- What is a Letter of Administration?
- When do you need a Letter of Administration?
- How to Apply for a Letter of Administration?
- Duties and Responsibilities of an Administrator
- Complex Cases involving Letters of Administration
What is a Letter of Administration?
A Letter of Administration is a short document issued by a court when someone dies without a will.
When do you need a Letter of Administration?
This document is usually required when someone dies intestate; that is, without a will. Letters of Administration are issued to confirm that someone has the authority to take responsibility for a deceased estate, including the assets and obligations of the deceased.
How to Apply for a Letter of Administration?
You can apply for a Letter of Administration through the court. The court will only issue Letters of Administration to someone who is entitled to the whole deceased estate, or a share of the estate. A solicitor can be appointed to obtain Letters of Administration on the entitled individual’s behalf if they live outside of Australia.
Duties and Responsibilities of an Administrator
The administrator is authorised to manage and protect the deceased estate according to the laws of intestacy in NSW. The administrator is responsible for collecting and valuing the assets of the estate and discharging the debts of the estate. The administrator must lodge a final tax return for the deceased and establish any discretionary trusts that are dictated by the will. Part of the responsibility to protect the estate includes the obligation to defend the estate from challenges and contests in court.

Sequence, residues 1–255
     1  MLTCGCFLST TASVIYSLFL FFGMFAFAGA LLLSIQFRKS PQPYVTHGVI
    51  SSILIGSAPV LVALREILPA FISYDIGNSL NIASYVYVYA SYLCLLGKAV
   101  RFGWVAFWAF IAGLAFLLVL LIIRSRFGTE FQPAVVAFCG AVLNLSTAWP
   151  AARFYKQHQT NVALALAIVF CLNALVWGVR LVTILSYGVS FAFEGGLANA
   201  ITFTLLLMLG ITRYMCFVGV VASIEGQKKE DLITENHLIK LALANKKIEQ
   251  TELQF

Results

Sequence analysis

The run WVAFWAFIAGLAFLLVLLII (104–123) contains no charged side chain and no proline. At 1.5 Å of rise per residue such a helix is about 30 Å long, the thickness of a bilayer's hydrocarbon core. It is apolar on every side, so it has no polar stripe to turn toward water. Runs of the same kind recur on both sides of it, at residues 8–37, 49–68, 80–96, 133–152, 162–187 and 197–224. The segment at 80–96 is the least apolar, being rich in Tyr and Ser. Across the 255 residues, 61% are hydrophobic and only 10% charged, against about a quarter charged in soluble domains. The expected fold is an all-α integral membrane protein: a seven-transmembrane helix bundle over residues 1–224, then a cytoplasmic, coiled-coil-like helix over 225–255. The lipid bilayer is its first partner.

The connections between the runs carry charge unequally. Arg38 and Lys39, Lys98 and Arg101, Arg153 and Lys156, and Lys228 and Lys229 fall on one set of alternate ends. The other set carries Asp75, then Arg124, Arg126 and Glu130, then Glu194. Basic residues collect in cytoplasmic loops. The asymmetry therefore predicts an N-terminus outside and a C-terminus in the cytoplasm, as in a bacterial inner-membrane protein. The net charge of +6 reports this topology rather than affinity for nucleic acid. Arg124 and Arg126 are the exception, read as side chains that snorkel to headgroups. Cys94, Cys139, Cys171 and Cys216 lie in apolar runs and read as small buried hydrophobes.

Complex Cases involving Letters of Administration
If more than one person is entitled to part of the estate, these individuals can apply jointly for Letters of Administration, or one individual can obtain written consent (in an affidavit) from any other entitled people endorsing them to act in the role. If the potential beneficiaries cannot agree on who should act as administrator, they can all petition the court, and the court will rule on the merits of competing claims. Letters of Administration are usually granted to the closest relative of the deceased, which is likely to be a married or de facto spouse of the deceased, or if there is no spouse, a child of the deceased.
Blended families create complications within the administration of an estate, especially when there is no will. The intestacy laws in NSW that the administrator is required to follow can often mean that the distribution of the estate can cause unnecessary difficulties or unintended consequences.
Estates with multiple spouses
When an estate has multiple spouses, both the married spouse and the de facto spouse are entitled to equal shares in the estate of the deceased person.
Frequently asked questions
Yes, the distribution of assets under Letters of Administration can be contested. One of the grounds for contesting a letter of administration is a family provision claims which means that you are an eligible person who was left out of the Will or not adequately provided for.
It can take anywhere from a few weeks to a few months to obtain a letter of administration, depending on the complexity of the application.
If no next of kin is willing or able to apply for Letters of Administration, the court may appoint a State Trustee or another suitable person to administrate the estate (including a creditor of the estate).
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